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Pelvic girdle pain: The Stickmum project 3 years forward

02 November 2018
Volume 26 · Issue 11


Pelvic girdle pain related to pregnancy (PGP) is increasingly well recognised by midwives and women. There is a growing awareness that PGP results from a mechanical dysfunction of the pelvic joints, causing pain and disability, and that it is treatable. Recent literature has examined the prevalence and duration of PGP; the use of caesarean section, treatment with manual therapy and exercise during and after pregnancy (now gaining more and more acceptance as the most effective way to manage and resolve PGP); and evidence to support continued breastfeeding. There are new studies about the long-term prevalence and consequences of lack of treatment, both physical and psychological, and the financial impact on society. By treating PGP with manual therapy during pregnancy, as symptoms arise, the associated morbidity can be avoided or minimised. This article reviews the recent literature on PGP and reflects on the response to the Pelvic Partnership's 2015 ‘Stickmum’ campaign.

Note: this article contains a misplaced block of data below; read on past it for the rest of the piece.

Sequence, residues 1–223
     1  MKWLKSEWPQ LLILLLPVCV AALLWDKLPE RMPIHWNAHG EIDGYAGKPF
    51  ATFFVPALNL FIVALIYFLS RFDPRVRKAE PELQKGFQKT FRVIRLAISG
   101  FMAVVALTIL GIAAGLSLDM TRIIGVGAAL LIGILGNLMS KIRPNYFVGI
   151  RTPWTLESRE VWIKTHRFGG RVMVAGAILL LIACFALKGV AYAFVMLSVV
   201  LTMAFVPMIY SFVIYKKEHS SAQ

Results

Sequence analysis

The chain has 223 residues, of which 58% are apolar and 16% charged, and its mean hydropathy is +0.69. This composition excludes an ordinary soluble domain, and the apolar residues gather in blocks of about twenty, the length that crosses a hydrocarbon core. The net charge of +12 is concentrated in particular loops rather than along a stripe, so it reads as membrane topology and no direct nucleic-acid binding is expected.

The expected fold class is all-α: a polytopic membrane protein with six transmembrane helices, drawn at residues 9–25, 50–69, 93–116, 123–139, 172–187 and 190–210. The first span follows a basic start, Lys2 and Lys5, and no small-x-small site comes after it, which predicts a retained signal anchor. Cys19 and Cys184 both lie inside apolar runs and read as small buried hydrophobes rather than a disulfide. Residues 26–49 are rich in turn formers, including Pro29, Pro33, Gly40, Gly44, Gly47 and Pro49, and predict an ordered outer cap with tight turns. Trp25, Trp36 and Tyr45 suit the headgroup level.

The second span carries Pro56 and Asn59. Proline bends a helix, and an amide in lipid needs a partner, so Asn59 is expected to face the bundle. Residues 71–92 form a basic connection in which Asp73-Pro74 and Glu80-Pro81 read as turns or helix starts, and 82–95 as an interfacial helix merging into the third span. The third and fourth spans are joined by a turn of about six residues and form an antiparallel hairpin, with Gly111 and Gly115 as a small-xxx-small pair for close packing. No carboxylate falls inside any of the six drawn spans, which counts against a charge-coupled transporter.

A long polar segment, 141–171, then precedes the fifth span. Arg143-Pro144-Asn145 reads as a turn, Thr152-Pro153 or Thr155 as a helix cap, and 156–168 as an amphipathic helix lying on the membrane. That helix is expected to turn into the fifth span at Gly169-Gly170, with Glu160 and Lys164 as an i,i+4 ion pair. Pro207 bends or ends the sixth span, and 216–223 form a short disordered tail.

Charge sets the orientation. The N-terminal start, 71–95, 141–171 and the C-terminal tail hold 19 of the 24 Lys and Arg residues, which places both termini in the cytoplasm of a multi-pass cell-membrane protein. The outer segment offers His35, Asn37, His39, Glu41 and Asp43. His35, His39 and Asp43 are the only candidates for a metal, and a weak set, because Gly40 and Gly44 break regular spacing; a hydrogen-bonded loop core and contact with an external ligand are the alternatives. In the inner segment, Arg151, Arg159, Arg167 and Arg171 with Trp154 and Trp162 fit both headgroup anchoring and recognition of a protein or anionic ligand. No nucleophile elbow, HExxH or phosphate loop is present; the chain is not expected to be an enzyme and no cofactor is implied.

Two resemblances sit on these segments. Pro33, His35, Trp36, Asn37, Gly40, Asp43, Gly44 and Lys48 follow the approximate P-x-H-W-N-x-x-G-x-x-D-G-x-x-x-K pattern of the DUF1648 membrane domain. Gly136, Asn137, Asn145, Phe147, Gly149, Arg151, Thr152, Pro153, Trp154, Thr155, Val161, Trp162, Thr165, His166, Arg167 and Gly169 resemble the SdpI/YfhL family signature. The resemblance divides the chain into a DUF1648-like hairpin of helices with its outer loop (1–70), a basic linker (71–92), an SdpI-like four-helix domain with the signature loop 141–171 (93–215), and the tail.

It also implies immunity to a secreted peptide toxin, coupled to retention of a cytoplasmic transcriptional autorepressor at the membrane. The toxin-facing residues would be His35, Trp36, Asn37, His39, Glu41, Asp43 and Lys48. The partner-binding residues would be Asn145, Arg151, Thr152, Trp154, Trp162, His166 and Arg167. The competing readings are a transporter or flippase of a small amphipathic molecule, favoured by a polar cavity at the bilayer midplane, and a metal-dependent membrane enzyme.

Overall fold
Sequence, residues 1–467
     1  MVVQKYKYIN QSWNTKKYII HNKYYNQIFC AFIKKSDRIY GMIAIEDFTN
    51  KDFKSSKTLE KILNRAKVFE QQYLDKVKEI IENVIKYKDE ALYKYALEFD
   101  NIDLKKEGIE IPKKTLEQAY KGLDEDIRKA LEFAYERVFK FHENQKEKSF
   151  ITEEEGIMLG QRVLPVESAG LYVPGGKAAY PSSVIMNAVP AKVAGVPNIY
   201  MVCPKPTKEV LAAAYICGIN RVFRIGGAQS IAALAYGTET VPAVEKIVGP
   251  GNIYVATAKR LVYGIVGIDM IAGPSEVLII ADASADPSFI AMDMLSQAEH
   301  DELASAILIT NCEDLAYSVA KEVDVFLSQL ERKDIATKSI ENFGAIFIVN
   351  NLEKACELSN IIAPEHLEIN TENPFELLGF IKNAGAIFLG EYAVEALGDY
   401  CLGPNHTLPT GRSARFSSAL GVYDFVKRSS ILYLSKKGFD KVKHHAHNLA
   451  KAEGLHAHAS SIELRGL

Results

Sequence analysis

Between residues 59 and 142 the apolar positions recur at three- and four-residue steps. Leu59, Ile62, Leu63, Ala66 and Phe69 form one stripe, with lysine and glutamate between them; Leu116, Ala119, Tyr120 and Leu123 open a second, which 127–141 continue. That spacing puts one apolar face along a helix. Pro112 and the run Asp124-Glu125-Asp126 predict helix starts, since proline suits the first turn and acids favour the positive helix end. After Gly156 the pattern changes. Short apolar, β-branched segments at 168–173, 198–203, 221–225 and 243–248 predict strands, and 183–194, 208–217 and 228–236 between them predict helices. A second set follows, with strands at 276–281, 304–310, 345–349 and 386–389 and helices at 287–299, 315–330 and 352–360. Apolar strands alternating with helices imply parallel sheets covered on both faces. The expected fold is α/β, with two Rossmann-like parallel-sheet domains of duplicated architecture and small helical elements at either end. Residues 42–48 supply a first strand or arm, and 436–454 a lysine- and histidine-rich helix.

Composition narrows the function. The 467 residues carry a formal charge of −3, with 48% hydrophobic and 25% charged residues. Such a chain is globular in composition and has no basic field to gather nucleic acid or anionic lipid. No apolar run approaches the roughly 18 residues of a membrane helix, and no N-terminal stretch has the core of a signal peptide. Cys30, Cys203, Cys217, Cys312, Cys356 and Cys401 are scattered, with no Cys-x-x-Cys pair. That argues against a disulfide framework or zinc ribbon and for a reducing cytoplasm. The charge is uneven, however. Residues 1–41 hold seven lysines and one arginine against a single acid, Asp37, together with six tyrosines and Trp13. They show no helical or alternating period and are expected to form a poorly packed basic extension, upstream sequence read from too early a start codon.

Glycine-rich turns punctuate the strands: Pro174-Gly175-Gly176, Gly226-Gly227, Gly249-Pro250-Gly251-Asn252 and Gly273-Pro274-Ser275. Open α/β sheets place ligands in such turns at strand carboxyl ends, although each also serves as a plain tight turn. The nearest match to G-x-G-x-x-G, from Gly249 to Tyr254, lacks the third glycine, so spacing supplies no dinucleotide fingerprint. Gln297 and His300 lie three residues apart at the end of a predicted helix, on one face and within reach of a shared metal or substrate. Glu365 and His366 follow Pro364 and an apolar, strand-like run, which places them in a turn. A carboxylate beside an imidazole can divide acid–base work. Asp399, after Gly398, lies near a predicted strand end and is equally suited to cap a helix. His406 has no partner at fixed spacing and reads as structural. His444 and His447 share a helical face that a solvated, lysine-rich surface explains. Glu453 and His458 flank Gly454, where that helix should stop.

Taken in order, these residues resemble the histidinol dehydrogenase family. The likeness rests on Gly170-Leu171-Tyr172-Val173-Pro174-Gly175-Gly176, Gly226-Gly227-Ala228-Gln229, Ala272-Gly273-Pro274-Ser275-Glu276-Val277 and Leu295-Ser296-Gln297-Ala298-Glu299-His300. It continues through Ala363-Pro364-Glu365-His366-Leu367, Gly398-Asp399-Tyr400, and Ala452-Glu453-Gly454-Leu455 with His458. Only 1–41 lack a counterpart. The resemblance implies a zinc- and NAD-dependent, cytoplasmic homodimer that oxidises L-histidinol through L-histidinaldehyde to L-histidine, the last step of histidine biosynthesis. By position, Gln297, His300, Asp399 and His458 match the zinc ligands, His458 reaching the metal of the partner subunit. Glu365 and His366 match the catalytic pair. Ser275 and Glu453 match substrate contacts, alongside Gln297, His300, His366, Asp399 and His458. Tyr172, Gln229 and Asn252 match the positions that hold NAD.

Pelvic girdle pain (PGP), previously known as Symphysis Pubis Dysfunction (SPD), is becoming better recognised by midwives, GPs and women. PGP is a result of an asymmetry of movement of the joints around the pelvis and lower back that results in pain and difficulty moving. It can occur at any stage during or after pregnancy and birth. It can be treated effectively with manual therapy, which involves a full assessment of the function of joints and muscles around the pelvis, and treatments including joint mobilisation, muscle energy techniques and trigger point treatment to restore normal joint function of joints and muscles. More work is still required to treat women promptly in pregnancy and reduce short- and long-term morbidity, including both physical and psychological aspects. If untreated, studies have shown that 10-19% of those with PGP in pregnancy still have significant symptoms 11 and 12 years later (Elden et al, 2016; Bergström et al, 2017), producing pain, dysfunction, inability to work, and the need for disability pensions. Studies showing the outcomes of manual therapy treatment suggest that much of this is avoidable, and that both the availability and the effectiveness of the treatment offered to women with PGP need to be improved.

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